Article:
In Georgia, a Supra or Georgian Table is both a way to enjoy classic cuisine and a way to socialize with the family unit. The Tamada, or head of the table, is the host of the evening and is largely responsible for the toasting and enjoyment of his guests. No Supra is complete without this important role being filled by a worthy individual.
A variety of classic Georgian cuisine would be served at Supra and tonight we will sample a few of these dishes. Officially, (at least for the sake of this blog) the national dish of Georgia is Khinkali, a dumpling made with meat filling and dough of wheat flour. This dish has its roots in the Eastern Mountains but is thoroughly enjoyed throughout the country. In addition, we are preparing two other dishes. Chicken Bazhe is a roasted chicken with a ground walnut sauce and Beet Pkhali is a blended salad of beets, walnuts and other veggies that is seasoned with vinegar salt and pepper. Beets are one of my favorite vegetables and visiting Eastern European cuisine gives us a chance to eat this delicious vegetable since it is common throughout much of the region.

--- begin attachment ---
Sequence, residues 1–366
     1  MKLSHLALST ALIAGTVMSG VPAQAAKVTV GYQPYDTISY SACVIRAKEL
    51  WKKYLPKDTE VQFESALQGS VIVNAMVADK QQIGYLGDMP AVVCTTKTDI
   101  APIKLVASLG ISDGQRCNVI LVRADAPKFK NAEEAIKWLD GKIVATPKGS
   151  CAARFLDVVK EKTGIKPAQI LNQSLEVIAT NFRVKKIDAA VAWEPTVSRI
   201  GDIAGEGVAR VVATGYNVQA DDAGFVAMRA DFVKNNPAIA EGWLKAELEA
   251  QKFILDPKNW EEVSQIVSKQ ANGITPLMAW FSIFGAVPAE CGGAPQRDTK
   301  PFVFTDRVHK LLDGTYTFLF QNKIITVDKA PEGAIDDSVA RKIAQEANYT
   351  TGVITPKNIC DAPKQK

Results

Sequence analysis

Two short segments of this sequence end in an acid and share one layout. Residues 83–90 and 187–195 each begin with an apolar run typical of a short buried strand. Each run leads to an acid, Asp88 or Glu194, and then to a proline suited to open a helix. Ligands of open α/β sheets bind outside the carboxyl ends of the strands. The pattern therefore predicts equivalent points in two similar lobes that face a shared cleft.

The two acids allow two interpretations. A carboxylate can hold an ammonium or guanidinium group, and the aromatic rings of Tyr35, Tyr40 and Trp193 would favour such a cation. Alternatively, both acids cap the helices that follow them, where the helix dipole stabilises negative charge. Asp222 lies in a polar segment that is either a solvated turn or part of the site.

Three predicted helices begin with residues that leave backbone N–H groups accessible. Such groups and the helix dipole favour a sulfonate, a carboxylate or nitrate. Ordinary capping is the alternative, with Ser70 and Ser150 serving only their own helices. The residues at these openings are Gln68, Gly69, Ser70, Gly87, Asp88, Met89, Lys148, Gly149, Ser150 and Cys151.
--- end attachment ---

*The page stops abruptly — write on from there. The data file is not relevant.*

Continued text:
A few notes I thought I would mention before we sit down to eat. The top twist of the khinkali is not traditionally consumed. It is dense and not terribly palatable. It is also placed on the corner of the plate to let the eater know how many khinkali he/she has consumed.
The Chicken Bazhe is delicious! I love the flavors of the walnut sauce. For todays recipe, I used roasted boneless skinless chicken breast instead of a whole bird. For one thing, I had some chicken breasts in the fridge and for two with the other dishes we did not need a whole chicken. If you choose to do chicken breasts, simply season and roast them for an appropriate amount of time (15-20 mins) and allow them to rest for 5 minutes before slicing them for service. You may also wish to cut the sauce recipe in half as it makes a good amount.
The Beet Phkali is good, but in the future, I might skip the food processor and go with a bite sized chop of the veggies. I prefer the texture of sliced or diced beets to blended ones.
Finally, I would like to propose a toast to you, my loyal readers:
“To my dear friends and loyal fellow adventurers, although this voyage is long and requires a commitment of time and energy, I could not imagine doing this without each of you. May you always find safe harbors and friendly roads and may each day end with a warm meal and pleasant conversation…”
The rating is for the Khinkali only as it is the dish of the day.
Appearance: 4 out of 5
Aroma: 4 out of 5
Flavor: 3 out of 5
Total: 11 out of 15
Khinkali (Georgian Dumplings)